Style and Technique
As in other of his tales, Irving here combines a supernatural subject with a matter-of-fact narration. The reader is allowed to suspend disbelief partly through the framing of the tale, which is recounted by the fictional narrator Geoffrey Crayon, who has heard it from an old Cape Cod whaler, who claims to have memorized it from a manuscript written by a neighbor. Thus, the tale is several times removed from its source, with no one to vouch for its authenticity. The phrase “it is said” is used frequently, and once the reader is told that the facts “have become confounded by a variety of historians.” Although the tale ends with a claim for its veracity (“The truth of it is not to be doubted”), readers can believe or not as they wish.
The serious and the comic are juxtaposed. Although the selling of one’s soul and the inhumane consequences of greed are significant, they become subjects for laughter through Irving’s character portrayals and his use of ironic understatement. The characters are one-dimensional, stereotypical figures. Tom’s unnamed wife is the typical nag of antifeminist literature. Tom himself is not described in detail and is given such stock traits as greed and hypocrisy. The reader need not be concerned for the fate of either character.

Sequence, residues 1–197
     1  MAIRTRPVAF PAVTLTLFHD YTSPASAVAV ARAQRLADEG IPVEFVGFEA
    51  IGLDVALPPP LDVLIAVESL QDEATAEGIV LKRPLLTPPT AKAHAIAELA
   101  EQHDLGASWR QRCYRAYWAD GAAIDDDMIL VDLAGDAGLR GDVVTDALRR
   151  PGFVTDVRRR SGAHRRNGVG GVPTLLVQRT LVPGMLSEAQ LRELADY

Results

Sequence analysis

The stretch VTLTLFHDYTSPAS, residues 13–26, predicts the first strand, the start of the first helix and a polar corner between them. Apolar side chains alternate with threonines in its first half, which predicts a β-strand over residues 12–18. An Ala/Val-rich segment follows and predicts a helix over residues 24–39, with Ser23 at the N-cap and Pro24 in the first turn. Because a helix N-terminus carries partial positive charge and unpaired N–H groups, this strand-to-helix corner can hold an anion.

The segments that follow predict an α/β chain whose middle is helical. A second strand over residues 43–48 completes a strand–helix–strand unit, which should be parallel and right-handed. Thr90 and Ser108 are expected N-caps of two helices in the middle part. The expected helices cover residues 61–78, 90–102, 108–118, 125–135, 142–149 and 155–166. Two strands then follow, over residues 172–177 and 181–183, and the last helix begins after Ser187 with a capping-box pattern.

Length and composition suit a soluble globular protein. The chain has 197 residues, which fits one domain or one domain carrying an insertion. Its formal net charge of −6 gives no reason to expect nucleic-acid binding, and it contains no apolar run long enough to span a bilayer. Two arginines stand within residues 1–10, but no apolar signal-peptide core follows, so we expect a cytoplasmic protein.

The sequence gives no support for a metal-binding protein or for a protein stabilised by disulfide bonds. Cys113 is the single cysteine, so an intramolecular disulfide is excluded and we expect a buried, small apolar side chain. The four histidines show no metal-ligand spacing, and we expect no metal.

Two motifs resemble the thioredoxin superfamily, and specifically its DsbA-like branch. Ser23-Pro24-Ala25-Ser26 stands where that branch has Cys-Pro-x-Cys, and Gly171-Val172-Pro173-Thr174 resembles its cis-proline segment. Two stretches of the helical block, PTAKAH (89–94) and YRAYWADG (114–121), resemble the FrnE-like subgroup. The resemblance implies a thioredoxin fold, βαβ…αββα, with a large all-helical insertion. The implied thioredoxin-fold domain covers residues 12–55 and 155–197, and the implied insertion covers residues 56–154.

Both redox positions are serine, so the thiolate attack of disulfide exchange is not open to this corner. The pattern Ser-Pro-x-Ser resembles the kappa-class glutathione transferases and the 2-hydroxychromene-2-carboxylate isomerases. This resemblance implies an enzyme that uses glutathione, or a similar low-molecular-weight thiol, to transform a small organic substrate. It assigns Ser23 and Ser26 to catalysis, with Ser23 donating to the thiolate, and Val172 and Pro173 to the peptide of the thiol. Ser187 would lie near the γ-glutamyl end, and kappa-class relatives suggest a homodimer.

Irving has a keen eye for the ironies and contradictions of human behavior. When Tom becomes wealthy, he ostentatiously equips a grand carriage but has it pulled by starving horses. He builds a large house but leaves it unfurnished out of miserliness. He exacts the harshest business terms on those least able to pay. Throughout the tale, this irony exposes the vanity and meanness of those for whom material possessions become paramount.